Israel has sent an “unequivocal demand” to the Palestinian Authority to reduce tensions after thousands of detainees staged hunger strikes in Israeli prisons and violent protests erupted in the West Bank following the death of an inmate.
"Israel has conveyed to the Palestinian Authority (PA) an unequivocal demand to calm the territory," Reuters cites the Israeli government as saying.
The official added the message was delivered to the PA by one of Prime Minister Benjamin Netanyahu's top aides.
Netanyahu also put forward an apparent incentive to the PA by promising to go ahead with the transfer of some $100 million in tax revenues which Israel collects on Palestine’s behalf, but had been withholding.
"In order that the non-payment of taxes that Israel collects for the Palestinians should not serve as an excuse for the Palestinian Authority not to calm the territory, Netanyahu instructed the money for January to be transferred," a government statement read.
A senior aide to Palestinian President Mahmoud Abbas, was not forthcoming on how the PA would react to the demand, though he blamed Israel for the recent surge in violence.
Israeli Defense Forces (IDF) were placed on high alert in the West Bank and east Jerusalem following clashes, which erupted after Arafat Jaradat, a 30-year-old Palestinian inmate, reportedly died of a cardiac arrest on Saturday in Megiddo prison.
Israel’s internal intelligence service, Shin Bet, said Jaradat had been arrested on Monday for his involvement in a stone-throwing incident last November in which one IDF soldier was injured.
The Palestinian Authority (PA) holds Israeli officials responsible for Jaradat's death.
"This is not an isolated case. This is the case of the rights of all the prisoners - rights that are being violated by the occupation. This requires quick action to open Israeli prisons to the world," said PA Minister for Prison Affairs Issa Qaraqaa.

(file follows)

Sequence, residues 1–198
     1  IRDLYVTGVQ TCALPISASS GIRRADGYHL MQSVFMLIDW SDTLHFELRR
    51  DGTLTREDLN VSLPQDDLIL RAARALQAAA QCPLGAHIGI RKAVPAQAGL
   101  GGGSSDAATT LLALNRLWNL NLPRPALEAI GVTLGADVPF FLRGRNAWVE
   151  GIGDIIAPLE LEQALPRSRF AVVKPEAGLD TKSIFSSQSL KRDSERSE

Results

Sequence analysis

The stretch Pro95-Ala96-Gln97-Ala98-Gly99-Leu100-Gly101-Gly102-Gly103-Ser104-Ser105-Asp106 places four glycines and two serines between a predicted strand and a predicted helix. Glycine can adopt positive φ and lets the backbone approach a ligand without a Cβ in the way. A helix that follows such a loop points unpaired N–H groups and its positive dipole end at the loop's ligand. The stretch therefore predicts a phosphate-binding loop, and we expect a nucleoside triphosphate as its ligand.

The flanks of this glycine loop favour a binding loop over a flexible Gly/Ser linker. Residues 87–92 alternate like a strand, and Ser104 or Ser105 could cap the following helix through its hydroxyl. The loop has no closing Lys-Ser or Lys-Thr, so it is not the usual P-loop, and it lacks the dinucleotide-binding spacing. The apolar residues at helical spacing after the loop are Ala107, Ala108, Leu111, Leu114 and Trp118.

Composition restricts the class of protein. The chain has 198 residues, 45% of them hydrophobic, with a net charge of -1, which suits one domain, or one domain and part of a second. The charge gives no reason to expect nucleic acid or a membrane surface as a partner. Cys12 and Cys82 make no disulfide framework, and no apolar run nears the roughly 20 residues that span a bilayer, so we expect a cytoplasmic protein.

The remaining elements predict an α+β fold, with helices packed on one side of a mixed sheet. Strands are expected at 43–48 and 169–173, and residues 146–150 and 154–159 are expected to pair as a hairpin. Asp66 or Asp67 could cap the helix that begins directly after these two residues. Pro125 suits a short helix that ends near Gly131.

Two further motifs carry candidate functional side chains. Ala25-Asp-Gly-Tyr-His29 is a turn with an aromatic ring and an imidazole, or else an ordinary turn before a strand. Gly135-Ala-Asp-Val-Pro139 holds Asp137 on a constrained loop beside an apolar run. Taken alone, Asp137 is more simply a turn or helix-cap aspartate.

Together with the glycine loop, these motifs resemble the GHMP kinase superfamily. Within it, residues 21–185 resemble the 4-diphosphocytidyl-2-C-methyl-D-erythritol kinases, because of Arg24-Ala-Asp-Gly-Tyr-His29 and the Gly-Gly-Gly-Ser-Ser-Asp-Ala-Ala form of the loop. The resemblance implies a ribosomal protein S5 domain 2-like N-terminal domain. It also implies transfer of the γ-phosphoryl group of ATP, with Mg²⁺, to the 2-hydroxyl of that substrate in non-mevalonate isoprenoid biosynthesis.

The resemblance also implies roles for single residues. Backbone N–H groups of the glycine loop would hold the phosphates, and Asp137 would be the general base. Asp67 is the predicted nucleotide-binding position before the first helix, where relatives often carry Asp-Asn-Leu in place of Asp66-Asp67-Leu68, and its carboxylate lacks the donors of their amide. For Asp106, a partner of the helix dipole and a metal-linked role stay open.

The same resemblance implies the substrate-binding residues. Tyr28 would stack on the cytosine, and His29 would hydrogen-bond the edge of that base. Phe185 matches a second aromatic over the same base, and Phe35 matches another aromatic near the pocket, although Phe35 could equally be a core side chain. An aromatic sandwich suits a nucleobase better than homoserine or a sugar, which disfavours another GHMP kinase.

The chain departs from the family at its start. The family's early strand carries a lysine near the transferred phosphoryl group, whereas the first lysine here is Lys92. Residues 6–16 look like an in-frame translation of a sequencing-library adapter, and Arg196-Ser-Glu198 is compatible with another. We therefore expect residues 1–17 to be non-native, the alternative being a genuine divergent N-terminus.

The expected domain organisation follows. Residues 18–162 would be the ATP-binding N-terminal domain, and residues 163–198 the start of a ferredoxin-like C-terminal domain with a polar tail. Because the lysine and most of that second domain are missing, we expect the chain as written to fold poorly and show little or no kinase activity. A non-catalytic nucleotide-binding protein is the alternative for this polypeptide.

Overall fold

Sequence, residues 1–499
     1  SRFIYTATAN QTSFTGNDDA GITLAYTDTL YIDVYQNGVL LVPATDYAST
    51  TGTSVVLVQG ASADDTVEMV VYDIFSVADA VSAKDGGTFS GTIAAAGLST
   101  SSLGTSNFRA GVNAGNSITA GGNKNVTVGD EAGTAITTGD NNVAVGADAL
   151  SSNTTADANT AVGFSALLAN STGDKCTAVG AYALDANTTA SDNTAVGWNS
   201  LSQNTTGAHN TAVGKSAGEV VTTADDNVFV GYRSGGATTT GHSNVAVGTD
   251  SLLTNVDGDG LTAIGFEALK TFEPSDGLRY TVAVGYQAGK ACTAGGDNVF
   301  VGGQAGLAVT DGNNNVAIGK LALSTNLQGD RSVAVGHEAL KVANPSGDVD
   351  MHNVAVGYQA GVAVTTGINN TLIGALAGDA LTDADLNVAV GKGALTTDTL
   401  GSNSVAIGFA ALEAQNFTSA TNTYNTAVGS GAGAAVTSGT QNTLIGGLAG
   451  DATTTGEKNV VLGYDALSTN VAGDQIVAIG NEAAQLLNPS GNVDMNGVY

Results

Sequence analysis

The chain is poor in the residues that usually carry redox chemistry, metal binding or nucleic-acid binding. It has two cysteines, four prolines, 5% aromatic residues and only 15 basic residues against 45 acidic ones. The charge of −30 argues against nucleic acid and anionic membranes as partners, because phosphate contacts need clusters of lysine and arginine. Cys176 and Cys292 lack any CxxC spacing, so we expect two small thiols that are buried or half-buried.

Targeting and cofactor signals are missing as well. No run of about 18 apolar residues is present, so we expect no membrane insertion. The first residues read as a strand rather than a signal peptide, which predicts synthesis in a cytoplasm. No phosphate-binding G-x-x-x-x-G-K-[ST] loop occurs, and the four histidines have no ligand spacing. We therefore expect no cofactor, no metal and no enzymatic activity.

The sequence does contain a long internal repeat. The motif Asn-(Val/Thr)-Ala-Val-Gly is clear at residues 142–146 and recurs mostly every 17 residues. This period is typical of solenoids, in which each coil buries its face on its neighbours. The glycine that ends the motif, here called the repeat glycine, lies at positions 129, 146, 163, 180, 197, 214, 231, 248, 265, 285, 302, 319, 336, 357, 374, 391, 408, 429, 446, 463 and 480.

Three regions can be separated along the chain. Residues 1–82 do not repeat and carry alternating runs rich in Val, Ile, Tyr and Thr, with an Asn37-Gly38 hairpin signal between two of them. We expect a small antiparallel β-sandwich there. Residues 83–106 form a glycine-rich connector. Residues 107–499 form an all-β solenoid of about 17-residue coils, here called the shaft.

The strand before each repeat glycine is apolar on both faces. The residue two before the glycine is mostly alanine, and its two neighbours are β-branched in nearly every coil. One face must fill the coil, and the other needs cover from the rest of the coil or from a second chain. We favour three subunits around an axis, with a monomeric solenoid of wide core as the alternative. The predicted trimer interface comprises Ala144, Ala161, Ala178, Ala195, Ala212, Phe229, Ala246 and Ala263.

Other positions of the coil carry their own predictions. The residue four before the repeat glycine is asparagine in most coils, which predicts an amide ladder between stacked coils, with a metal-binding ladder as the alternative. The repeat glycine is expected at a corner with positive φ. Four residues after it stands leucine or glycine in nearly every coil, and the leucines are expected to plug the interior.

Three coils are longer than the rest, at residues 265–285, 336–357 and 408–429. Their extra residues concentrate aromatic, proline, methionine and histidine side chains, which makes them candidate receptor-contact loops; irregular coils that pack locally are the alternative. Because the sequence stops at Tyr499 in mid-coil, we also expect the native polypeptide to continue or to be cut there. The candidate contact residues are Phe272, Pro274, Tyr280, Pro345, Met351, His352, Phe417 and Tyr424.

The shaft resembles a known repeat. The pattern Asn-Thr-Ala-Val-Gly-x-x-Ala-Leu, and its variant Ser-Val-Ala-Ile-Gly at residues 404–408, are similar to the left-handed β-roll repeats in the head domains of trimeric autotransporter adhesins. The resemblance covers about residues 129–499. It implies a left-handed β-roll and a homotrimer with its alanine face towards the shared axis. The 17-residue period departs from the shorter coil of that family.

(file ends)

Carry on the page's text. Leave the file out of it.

"Our information was that Jaradat was being interrogated and then he died. Therefore we call for an international investigation into his death, that may have resulted from torture," Qaraqaa continued.
Following the autopsy of Jaradat in Israel on Sunday, Saber Aloul, chief pathologist of the Palestinian Authority who was present at the procedure, said marks on Jaradat's body showed he had been tortured during his interrogation, Haaretz reports. Aloul further said there were no signs of heart failure.
"There were marks of torture on the back, marks of torture on
the chest, a deep wound on the upper side of the shoulder, wounds
alongside the spine and marks of torture underneath the skin,"
Qaraqaa said citing the Palestinian doctor's basic
Israel's Health Ministry said it was not yet possible to
determine the cause of death, and no signs of injury were
discovered with the the exception of those received during the
admission of CPR and scuff marks.
Hundreds of Palestinian protesters clashed with Israeli soldiers in the West Bank city of Hebron and nearby villages on Sunday.
Some 200 Palestinians hurled stones and set tires ablaze in central Hebron, as IDF troops responded with rubber bullets.
Sources in Ramallah also said the 15-year-old son of a Palestinian security services chief was wounded by IDF gunfire in a protest near the Beitounia Crossing, Haaretz reports. Another 20-year-old protester was also wounded by live fire, the sources say.
More than 4,500 prisoners also held a one-day fast on Sunday to protest Jaradat’s death.
Four other Palestinian prisoners are in the midst of a hunger strike which has already inspired a wave of violent protests in the West Bank over the past week.
Palestinian leaders have warned that the death of any of the four hunger strikers could spark a wave of unrest which might be beyond their power to control.